Unethical accounting practices or otherwise known as ‘book cooking’ is serious malpractice within publicly traded companies that have grave consequences like resulting in the company in question foreclosure. The most widely known instance of accounting malpractice is the 2001 scandal that involves the energy company Enron and the audit firm Arthur Andersen. In this case, Enron had on many occasions incorrectly reported their financial statements with Arthur Andersen aiding them in the misconduct by sign off the reports even though they were inaccurate (Keller, 2002). An instance of this unethical behavior is when Enron entered into business partnership with the then ‘king’ of video rentals Blockbuster. However, the deal would collapse eight months later causing severe financial losses to Enron. Nonetheless, Enron did not report this loss to its shareholder but instead partnered with a Canadian bank that loaned it a sum of 115 million dollars in exchange for the profits from the venture with Blockbuster. In this case, the reported profit from the venture with Blockbuster was the sum loaned by the bank. When the discovery of the misconduct finally happened, the company went bankrupt and resulted in massive losses for the company’s stakeholders. Reports indicate that at the company’s climax the share price was 90.75 dollars. However, after the collapse, the shares went to an all-time low of 0.26 dollars (Keller, 2002). The massive loss didn’t just affect the shareholders but also 85,000 employees who had diligently worked for the company for many years. Moreover, the audit firm Arthur Andersen in a dramatic turn of events was also closed down due to aiding unethical practices.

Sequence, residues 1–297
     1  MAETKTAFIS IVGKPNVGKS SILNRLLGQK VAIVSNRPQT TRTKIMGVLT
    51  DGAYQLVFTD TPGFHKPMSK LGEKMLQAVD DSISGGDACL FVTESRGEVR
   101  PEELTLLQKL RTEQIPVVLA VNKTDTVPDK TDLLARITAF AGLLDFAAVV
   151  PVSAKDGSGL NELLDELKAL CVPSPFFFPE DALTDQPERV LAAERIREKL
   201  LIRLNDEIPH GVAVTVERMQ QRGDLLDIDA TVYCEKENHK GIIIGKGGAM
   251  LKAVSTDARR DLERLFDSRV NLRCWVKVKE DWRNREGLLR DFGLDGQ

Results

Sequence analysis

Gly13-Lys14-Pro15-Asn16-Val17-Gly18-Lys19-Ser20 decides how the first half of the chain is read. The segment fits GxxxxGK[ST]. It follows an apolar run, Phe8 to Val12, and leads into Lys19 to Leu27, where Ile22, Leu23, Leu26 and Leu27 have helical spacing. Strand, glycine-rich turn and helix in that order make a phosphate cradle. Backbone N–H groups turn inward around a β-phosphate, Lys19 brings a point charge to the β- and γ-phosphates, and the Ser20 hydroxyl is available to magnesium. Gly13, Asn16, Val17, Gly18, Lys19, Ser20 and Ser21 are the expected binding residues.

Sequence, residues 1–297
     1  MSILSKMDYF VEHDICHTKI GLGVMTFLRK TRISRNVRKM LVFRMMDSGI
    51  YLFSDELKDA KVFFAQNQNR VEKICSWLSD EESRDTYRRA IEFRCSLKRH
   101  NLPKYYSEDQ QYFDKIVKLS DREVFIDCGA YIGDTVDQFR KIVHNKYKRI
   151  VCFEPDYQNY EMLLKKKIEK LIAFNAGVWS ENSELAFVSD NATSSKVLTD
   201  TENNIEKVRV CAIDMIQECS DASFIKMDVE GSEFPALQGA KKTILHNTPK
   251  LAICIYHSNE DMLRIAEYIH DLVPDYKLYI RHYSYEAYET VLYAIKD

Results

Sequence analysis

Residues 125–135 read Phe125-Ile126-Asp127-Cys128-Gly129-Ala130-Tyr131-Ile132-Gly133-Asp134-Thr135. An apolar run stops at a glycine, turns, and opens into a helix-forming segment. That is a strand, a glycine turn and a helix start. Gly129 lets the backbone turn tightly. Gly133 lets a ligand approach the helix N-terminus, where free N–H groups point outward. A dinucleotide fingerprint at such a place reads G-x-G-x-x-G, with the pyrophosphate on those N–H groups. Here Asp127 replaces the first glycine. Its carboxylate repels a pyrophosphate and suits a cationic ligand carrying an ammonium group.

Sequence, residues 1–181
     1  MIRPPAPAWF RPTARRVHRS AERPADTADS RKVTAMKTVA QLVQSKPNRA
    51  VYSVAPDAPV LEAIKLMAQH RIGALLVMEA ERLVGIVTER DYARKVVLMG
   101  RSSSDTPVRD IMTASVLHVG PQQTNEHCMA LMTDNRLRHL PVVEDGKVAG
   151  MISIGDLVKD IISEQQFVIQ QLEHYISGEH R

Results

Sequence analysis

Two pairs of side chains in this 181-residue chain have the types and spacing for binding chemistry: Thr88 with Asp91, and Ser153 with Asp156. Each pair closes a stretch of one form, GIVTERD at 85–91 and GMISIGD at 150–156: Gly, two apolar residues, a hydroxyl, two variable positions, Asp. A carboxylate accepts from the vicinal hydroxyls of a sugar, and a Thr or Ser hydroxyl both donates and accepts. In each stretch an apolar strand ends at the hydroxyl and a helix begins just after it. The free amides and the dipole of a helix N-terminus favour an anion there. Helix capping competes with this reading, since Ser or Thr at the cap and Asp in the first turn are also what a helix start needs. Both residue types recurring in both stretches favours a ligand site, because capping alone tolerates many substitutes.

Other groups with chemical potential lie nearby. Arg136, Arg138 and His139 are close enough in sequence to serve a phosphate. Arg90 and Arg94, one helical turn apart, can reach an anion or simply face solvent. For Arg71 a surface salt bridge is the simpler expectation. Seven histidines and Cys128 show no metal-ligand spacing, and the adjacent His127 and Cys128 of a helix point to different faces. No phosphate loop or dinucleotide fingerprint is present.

The reported ethical issue in the case of Enron was accounting malpractice. In this case, the company would conceal any losses from the public by misrepresenting their financial statement to appear as though they were making a profit. The intentional misrepresentation of facts by the company was an act of dishonesty and fraud against the stakeholder. Consequently, Enron had discovered numerous ways of misrepresenting any financial losses. One such instance was when the company built a power plant and reported estimated profits in its books even though the plant hadn’t made any returns (Segal, 2018).